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dc.contributor.authorMcGarrigle, Cormac
dc.contributor.authorRodgers, Ian
dc.contributor.authorMcIlhagger, Alistair
dc.contributor.authorHarkin-Jones, Eileen
dc.contributor.authorMajor, Ian
dc.contributor.authorDevine, Declan
dc.contributor.authorArcher, Edward
dc.identifier.citationCormac McGarrigle et al (2017). Extruded monofilament and multifilament thermoplastic stitching yarns. Fibers 5 (45). DOI: 10.3390/fib5040045en_US
dc.description.abstractCarbon fibre reinforced polymer composites offer significant improvement in overall material strength to weight, when compared with metals traditionally used in engineering. As a result, they are replacing metals where overall weight is a significant consideration, such as in the aerospace and automotive industries. However, due to their laminate structure, delamination is a prime concern. Through-thickness stitching has been shown to be a relatively simple method of improving resistance to delamination. In this paper, monofilament and multifilament fibres of a similar overall diameter were characterised and their properties compared for their suitability as stitching yarns. Dissimilar to other published works which rely on commercially available materials, such as polyparaphenylene terephthalamide, criteria were produced on the required properties and two potentially promising polymers were selected for extrusion. It was found that although the multifilament fibres had a greater ultimate tensile strength, they began to yield at a lower force than their monofilament equivalent.en_US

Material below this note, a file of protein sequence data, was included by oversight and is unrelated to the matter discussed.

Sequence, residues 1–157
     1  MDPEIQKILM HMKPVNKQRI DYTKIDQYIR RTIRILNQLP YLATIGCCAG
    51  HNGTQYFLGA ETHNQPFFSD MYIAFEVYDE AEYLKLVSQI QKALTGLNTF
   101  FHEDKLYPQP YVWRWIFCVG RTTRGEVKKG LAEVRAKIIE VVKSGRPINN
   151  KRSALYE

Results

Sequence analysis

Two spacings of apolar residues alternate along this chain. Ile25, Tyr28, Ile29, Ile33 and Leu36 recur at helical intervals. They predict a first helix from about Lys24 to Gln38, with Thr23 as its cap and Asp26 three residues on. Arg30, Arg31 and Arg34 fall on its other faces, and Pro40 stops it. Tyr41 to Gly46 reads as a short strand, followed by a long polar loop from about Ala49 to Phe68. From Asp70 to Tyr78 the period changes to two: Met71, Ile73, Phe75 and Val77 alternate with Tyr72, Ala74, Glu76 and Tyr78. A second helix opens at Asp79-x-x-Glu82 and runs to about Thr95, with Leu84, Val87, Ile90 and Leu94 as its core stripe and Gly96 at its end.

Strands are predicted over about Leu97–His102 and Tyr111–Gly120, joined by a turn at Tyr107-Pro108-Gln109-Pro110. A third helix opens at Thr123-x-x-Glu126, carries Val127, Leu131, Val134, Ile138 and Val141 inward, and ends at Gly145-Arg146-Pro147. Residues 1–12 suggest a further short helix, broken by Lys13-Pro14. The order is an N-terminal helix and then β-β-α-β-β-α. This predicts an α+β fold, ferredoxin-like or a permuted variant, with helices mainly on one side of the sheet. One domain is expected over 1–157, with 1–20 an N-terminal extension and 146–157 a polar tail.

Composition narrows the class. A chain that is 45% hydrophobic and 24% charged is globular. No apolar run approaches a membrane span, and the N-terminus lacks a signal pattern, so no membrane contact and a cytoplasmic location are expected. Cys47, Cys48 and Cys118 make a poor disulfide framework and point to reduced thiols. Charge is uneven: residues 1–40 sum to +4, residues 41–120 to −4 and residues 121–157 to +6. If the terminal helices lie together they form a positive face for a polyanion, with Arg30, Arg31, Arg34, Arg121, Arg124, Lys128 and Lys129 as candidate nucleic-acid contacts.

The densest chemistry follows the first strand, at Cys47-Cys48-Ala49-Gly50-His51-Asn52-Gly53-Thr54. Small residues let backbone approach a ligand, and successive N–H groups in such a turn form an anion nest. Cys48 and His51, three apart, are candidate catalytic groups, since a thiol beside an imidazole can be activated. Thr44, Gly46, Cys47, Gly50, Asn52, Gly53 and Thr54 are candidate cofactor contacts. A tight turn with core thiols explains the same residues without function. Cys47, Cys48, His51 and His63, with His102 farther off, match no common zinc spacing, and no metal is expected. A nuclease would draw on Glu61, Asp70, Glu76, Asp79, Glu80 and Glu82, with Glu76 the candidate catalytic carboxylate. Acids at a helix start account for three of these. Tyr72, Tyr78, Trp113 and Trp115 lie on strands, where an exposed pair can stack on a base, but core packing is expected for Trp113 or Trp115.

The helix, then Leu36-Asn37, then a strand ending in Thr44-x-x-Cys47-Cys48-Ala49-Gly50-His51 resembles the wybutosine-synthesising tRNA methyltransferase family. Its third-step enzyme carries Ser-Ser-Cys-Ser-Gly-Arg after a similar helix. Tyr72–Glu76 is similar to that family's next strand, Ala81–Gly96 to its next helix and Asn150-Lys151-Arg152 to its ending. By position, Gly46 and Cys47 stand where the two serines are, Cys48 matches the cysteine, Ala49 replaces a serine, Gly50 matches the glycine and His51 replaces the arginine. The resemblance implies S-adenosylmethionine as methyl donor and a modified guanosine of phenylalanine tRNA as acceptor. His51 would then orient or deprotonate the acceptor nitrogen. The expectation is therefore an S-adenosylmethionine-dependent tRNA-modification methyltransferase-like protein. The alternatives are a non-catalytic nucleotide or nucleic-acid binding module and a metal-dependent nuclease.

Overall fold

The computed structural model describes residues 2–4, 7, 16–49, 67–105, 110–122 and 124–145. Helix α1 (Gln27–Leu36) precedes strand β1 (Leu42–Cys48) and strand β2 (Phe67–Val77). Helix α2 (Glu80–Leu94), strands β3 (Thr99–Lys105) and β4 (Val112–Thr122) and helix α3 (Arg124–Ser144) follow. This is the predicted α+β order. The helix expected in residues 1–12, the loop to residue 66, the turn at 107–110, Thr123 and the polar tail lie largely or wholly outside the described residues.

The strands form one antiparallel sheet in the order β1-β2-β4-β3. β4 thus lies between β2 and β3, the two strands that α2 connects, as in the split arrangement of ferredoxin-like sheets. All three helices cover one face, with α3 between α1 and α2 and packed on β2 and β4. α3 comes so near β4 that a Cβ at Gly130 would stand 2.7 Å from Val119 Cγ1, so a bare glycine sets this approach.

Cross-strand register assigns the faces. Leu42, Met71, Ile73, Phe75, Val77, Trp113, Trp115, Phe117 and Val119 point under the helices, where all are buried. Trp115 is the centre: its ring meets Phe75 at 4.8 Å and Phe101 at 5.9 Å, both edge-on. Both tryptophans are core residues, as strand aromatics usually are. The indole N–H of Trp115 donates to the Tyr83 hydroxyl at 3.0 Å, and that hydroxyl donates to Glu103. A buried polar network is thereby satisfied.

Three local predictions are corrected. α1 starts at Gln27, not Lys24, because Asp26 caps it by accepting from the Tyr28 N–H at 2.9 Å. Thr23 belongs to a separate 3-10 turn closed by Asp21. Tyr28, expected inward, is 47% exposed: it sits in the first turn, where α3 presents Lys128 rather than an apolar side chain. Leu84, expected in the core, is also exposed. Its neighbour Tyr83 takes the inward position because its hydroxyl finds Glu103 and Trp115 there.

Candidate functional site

dc.rightsAttribution-NonCommercial-NoDerivs 3.0 Ireland*
dc.subjectPlastics - Extrusionen_US
dc.titleExtruded monofilament and multifilament thermoplastic stitching yarns.en_US
dc.rights.accessOpen Accessen_US
dc.subject.departmentMaterials Research Institute AITen_US

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Attribution-NonCommercial-NoDerivs 3.0 Ireland
Except where otherwise noted, this item's license is described as Attribution-NonCommercial-NoDerivs 3.0 Ireland